Vet encourages students


Photo by: Shelby Froese

Veterinarian Nicole Poston explains the importance of veterinary science to FMU students.

Nicole Poston, a veterinarian and former FMU student, spoke to members of the Pre-Vet Club and American Chemical Society on Feb. 7 to talk about her experiences as a vet and explain how students can get into the profession.

Poston, a vet at Kingstree Animal Hospital, said she wanted to be a vet for as long as she could remember. Ever since she was young, she had a goal to help animals and said she loved the challenges that science and math presented her with. She also said her field has numerous opportunities.

“We treat every species,” Poston said. “It’s a very diverse field. You have an open door to any path you choose.”

Poston received her Doctor of Veterinary Medicine degree from Mississippi State University. The school gave her one of five seats as a S.C. student, meaning that the state of South Carolina paid part of her tuition so she would only have to pay in-state tuition.

Poston said her biggest piece of advice to students would be to take their course work seriously.

“It doesn’t matter if you’ve got an A,” Poston said. “You need to understand the material. When you get out into the world, you’ll be accountable.”

She said students must be prepared to always keep learning after they graduate, or they won’t be qualified for the job.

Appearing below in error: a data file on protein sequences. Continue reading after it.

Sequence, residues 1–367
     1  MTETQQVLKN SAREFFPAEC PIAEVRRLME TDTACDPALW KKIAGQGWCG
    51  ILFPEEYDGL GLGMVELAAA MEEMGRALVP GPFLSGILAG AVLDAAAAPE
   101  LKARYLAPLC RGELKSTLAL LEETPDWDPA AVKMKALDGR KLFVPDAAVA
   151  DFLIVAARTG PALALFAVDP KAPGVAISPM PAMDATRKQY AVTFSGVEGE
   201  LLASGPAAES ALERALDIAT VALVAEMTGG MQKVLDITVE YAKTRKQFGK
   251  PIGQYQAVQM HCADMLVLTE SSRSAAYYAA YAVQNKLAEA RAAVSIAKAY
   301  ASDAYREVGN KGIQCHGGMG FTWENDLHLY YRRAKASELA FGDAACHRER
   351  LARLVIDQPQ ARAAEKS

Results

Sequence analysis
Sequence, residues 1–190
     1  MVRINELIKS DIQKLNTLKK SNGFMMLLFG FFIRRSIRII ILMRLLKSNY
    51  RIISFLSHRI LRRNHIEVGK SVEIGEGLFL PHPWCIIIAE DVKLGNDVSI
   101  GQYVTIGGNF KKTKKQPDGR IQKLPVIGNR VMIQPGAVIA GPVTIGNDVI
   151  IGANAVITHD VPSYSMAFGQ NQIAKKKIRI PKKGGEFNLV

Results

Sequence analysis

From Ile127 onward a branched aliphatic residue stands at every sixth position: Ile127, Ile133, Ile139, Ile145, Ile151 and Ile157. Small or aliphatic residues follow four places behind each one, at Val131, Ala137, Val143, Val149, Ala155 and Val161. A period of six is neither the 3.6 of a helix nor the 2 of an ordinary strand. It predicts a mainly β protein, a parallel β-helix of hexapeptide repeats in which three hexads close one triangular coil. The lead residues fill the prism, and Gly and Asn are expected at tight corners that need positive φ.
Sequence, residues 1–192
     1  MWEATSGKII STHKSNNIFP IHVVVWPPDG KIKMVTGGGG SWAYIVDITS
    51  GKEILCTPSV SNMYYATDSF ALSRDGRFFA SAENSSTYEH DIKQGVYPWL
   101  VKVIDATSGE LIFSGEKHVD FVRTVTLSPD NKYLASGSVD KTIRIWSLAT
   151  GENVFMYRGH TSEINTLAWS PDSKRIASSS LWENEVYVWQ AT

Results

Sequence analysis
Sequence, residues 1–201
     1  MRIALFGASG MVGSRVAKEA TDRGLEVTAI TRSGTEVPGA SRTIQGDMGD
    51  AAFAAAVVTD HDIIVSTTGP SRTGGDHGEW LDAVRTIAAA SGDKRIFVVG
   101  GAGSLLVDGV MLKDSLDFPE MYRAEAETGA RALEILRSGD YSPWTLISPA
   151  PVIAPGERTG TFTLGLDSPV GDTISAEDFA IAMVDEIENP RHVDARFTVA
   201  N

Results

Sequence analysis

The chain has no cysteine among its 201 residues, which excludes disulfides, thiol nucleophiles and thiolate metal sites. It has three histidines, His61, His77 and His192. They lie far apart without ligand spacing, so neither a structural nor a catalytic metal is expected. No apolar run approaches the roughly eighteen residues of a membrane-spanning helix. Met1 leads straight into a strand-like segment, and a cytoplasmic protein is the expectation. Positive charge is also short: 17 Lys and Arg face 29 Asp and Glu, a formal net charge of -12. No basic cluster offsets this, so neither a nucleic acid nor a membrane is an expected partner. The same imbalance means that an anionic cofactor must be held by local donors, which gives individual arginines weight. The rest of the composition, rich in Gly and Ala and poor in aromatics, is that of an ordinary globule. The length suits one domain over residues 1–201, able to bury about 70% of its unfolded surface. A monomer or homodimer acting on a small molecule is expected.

She also stressed the importance of planning for veterinary school ahead of time. She said academically, grades are important, but that is also important to be involved on campus. She told the story of a friend who had a nearly perfect GPA, but was rejected due to their lack of involvement. She explained that universities want to see a student’s ability to handle multiple tasks at once, since students will be given a greater volume of work in vet school.

She also said it was important to do work outside of school to get noticed. She said vet schools like to see students who have volunteered their free time to help animals. They also like to see pet ownership and a background with animal shelters.

Poston said it is critical for people in the veterinary field to never stop working and learning, because there is a level of trust expected of them by their patients. She said communication is critical for a vet, and that honesty and compassion are some of the most important parts of the job.

Poston explained why she believes a vet’s work is important by sharing a story from when she went to Haiti, a country that at the time had only two veterinarians.

“Here, we take it for granted,” Poston said. “You don’t hear about rabies much here, but in Haiti, people are dying left and right from rabies.”

Poston said her work also excites her because she has a chance to help people as well as animals. She recalled a time in which she had to put down a little girl’s sick horse. The girl came to Poston with tears in her eyes, so Poston carried her and walked around the farm with her.

“At the end of the day, you’re helping animals, but you’re also helping people,” Poston said. “For every pet’s face, there’s a person associated with that.”

Poston encouraged students interested in veterinary school to visit her at Kingstree Animal Hospital, and said the hospital welcomes them to shadow vets or watch surgeries.